I have been using presuppositions for as long as I can remember. And I can't remember any time when they were separate from the evidences and arguments from concept. I just can't see how they can be separated. Presuppositions are part of the evidential approach. They are, in fact, evidences.
I have been told by one of the highest ranking Presuppositionalists that I don't really understand the analysesand terms. But why should I believe him? He doesn't understand the first thing about the Word, because he endorses the abuse of the pulpit to propagate, promote, and to teach as doctrine, a cornerstone doctrine at that, what is nothing more than a methodology of men. So you can't convince me that he has any place to tell me that I don't know what I'm talking about, in spite of his PhD. It's like someone pretending to be a scientist, telling me all about the nature and purpose of leaves, but can't even tell a tree from post.
[Edited on 3-20-2006 by JohnV]
Note carefully, Patrick, how different respondents are using the term. Its not always the same use, and not always referring to the same thing.
I noticed. That's why I asked in the first place. Hopefully this will help folks to better understand eachother
Then maybe we should play it up a bit, so that we all notice it more plainly. Let's state that there are at least two different uses and two different meanings of the term. That means we have at least four different things we are talking about in using this one term.
A - comprehensive basic - held in common by all
B - personal basis - held individually and distinct from others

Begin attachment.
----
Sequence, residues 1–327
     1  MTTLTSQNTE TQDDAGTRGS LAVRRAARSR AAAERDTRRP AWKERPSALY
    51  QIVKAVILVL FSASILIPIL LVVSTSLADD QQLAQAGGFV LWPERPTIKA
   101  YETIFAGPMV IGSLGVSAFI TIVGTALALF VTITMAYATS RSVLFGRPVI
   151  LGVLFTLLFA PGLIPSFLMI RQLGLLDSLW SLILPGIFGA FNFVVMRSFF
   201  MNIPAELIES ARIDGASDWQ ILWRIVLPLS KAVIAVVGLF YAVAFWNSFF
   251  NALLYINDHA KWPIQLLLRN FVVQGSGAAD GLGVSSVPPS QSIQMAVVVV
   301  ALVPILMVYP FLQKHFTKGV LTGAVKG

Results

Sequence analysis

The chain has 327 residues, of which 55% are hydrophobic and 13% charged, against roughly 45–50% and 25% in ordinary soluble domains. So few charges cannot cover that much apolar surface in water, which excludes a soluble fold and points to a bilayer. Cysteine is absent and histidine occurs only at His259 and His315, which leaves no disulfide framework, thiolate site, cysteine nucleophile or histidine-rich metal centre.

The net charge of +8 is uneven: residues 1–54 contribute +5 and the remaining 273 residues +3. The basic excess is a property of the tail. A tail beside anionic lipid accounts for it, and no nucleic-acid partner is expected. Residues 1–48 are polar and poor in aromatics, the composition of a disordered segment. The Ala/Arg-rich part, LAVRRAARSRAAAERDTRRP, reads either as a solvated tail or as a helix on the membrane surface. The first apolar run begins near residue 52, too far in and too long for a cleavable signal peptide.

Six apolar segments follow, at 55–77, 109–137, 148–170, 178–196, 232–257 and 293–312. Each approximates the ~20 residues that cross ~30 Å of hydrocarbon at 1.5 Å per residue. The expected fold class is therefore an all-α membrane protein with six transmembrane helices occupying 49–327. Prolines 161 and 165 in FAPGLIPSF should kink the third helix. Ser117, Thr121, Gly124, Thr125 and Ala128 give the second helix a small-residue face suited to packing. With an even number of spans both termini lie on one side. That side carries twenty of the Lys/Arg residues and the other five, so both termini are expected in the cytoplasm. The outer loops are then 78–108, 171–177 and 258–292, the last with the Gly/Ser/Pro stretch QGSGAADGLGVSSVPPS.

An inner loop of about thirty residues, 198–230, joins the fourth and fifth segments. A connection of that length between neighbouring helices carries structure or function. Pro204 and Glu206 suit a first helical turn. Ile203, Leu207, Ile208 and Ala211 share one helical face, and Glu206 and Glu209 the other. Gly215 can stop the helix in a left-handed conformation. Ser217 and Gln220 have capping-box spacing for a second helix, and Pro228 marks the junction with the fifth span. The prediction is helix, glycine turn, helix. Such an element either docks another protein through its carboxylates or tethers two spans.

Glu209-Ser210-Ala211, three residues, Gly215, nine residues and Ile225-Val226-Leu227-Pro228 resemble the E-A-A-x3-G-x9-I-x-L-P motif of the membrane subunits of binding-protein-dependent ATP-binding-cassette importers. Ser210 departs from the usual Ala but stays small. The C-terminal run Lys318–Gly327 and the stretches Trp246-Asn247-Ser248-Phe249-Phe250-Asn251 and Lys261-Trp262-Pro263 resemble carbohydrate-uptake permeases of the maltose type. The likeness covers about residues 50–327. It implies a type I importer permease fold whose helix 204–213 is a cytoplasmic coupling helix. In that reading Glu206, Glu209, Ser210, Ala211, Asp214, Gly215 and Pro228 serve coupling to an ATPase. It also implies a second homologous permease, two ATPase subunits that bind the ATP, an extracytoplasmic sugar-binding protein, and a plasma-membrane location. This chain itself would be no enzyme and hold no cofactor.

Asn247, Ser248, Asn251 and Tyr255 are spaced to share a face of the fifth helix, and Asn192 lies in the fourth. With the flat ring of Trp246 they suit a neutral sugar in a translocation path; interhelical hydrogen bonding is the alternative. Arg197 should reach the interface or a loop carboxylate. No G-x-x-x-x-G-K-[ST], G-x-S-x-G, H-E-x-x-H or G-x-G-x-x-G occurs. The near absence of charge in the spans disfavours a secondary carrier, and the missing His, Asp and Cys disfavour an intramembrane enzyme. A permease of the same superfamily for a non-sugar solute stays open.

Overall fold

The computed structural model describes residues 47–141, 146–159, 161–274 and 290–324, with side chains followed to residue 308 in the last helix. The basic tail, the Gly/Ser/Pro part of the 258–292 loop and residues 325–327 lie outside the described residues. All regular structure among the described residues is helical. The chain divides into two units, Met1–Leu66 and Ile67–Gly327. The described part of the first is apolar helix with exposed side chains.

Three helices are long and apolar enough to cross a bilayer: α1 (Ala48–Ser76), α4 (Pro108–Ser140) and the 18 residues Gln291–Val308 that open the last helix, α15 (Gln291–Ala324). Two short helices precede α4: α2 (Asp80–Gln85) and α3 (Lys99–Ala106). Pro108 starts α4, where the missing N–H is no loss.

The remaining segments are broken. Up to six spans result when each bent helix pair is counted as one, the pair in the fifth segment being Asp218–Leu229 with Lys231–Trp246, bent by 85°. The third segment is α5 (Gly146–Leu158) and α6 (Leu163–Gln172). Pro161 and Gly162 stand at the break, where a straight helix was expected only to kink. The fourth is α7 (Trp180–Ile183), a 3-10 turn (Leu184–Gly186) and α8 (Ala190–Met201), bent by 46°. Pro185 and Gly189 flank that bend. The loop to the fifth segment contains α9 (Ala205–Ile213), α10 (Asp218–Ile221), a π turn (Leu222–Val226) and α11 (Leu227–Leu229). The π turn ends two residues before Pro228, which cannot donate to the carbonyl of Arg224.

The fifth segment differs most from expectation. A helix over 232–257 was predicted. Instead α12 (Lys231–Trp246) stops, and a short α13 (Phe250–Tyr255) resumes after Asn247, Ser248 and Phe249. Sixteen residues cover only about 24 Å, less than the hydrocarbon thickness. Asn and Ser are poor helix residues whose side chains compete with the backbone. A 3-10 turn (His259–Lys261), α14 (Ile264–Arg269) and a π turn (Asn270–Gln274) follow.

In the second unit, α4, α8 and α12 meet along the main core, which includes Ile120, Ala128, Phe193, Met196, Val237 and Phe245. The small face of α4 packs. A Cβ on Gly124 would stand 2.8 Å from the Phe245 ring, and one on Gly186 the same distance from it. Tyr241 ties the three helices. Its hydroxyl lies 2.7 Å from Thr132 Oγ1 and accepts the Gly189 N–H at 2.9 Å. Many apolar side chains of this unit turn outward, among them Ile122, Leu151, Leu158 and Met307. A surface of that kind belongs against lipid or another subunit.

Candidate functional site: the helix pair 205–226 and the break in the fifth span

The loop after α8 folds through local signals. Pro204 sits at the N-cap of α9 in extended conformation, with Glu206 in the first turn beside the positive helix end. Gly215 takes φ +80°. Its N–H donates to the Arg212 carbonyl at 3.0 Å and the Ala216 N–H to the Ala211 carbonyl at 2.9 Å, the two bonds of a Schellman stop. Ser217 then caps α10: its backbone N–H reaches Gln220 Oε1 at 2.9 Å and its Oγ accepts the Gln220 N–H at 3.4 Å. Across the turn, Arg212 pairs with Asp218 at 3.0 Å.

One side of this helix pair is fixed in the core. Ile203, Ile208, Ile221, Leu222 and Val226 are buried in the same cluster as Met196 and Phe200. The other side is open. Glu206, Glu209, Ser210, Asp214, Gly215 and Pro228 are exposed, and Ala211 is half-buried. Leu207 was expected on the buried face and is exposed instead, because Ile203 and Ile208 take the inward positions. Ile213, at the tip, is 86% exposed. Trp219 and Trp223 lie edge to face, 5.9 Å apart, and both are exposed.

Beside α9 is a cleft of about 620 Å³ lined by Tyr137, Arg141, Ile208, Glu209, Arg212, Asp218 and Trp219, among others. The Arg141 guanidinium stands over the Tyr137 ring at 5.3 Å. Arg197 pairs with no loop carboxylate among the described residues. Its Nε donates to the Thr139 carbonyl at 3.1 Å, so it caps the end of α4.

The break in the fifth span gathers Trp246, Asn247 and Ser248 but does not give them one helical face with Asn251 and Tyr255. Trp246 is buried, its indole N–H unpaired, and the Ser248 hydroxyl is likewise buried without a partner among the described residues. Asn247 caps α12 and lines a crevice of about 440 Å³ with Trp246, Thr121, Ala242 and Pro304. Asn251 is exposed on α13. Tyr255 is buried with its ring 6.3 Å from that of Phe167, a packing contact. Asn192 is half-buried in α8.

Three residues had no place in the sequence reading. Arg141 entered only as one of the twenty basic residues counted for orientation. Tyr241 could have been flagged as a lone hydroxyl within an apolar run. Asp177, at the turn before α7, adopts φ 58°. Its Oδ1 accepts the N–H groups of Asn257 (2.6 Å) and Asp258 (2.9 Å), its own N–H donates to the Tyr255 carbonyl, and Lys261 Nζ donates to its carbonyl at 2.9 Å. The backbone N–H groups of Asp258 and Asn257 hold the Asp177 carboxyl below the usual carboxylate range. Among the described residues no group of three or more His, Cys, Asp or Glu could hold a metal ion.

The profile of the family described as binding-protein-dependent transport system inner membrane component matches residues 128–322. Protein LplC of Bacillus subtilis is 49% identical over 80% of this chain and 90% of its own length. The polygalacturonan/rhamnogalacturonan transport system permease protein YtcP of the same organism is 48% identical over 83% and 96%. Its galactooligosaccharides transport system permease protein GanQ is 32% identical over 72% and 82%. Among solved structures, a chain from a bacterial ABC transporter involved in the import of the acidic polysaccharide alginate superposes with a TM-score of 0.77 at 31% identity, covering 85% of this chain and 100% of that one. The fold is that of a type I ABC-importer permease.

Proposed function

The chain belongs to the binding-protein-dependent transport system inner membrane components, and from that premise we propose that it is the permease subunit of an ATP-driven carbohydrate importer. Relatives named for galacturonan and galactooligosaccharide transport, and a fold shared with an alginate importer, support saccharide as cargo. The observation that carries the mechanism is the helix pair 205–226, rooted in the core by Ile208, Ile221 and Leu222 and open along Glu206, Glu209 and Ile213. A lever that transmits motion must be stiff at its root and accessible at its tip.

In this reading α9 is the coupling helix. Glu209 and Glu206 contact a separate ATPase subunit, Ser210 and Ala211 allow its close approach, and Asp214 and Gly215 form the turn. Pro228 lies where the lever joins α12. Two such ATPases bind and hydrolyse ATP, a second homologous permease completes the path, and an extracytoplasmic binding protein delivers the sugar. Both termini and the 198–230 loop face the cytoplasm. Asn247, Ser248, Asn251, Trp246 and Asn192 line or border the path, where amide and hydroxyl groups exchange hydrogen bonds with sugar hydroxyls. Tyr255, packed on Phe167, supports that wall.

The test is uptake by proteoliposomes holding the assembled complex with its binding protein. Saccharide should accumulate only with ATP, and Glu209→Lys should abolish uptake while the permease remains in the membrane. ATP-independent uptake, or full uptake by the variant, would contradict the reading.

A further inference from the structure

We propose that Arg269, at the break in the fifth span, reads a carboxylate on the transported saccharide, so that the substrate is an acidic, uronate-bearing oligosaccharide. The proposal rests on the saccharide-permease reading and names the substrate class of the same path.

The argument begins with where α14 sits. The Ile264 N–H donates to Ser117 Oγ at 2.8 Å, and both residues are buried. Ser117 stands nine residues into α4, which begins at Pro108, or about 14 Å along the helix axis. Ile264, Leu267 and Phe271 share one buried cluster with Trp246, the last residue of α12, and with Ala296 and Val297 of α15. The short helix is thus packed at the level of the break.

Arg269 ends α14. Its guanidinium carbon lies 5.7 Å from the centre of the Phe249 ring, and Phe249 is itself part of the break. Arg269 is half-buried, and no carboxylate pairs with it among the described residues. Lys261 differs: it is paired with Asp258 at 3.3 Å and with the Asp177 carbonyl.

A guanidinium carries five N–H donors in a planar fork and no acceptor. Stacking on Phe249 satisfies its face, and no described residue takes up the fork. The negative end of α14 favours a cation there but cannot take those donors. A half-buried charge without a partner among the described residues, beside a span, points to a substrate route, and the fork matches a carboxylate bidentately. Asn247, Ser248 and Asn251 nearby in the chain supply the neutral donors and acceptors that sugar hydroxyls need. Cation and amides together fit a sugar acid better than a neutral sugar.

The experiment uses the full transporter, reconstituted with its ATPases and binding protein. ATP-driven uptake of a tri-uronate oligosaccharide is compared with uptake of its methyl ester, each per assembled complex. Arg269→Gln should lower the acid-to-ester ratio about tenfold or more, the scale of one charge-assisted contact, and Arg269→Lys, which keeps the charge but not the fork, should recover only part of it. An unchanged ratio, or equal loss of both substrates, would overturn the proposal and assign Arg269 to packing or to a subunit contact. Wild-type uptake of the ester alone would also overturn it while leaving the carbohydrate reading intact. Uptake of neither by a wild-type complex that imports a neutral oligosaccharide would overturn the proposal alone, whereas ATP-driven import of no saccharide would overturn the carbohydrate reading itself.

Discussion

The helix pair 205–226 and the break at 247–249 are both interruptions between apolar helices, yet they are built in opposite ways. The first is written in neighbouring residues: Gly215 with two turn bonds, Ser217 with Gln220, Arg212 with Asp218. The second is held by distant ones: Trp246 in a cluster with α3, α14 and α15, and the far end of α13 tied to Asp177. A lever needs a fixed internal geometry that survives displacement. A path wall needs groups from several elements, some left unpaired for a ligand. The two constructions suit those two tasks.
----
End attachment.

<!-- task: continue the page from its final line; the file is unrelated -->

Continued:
c - comprehensive - accountability for all to one standard
D - personal - accountability to personal consistency.
I believe that I have seen the meanings and uses combined in different ways. So that's why I say that we have four different things to differentiate here: A with C; A with D: B with C; and B with D.
Is this what you are getting at, Patrick? Or something to this effect? This little analysis just comes off the top of my head, as an example. It certainly could use correction.
Sure. That will help. I'm not sure where I'm going with this thread. I just had a hunch that people were using the words differently and it would be helpful to other to notice that before they jump to conclusions. You know, I'm all about that unity stuff. The oilier Aaron's bear is the better.
You got me, Patrick. My mind is drawing a blank here.
I too disown Presupositionalism, except in the negative sense, as an exercise in ground-clearing with the unbeliever, demolishing his own edifices. Ultimately one has to use some kind of positive construction to press the positive claims for the Gospel, as I see it, and this is where evidences come in. The Creation Science and ID movements, for example, have utilised a powerful set of evidences to rehabilitate the Teleological Argument, and very successfully.
One other point: why oh why do so many Reformed believers make Van Tillianism an article of faith and a test of orthodoxy, such that if one does not adhere to it he is some sort of heretic? I think even Van Til himself disliked any such notion, but as is so often the case, the disciples have outgone the master.
John Frame and other Vantillian thinkers have rejected the cult mentality. I have already told JohnV that I do not make presuppositionalism a cornerstone doctrine of the Christian faith. He didn't believe me. There is little else I can do.
Ok, I got it now. I've got an older version that says it runs down Aaron's beard, not his bear. That's what fooled me.:bigsmile: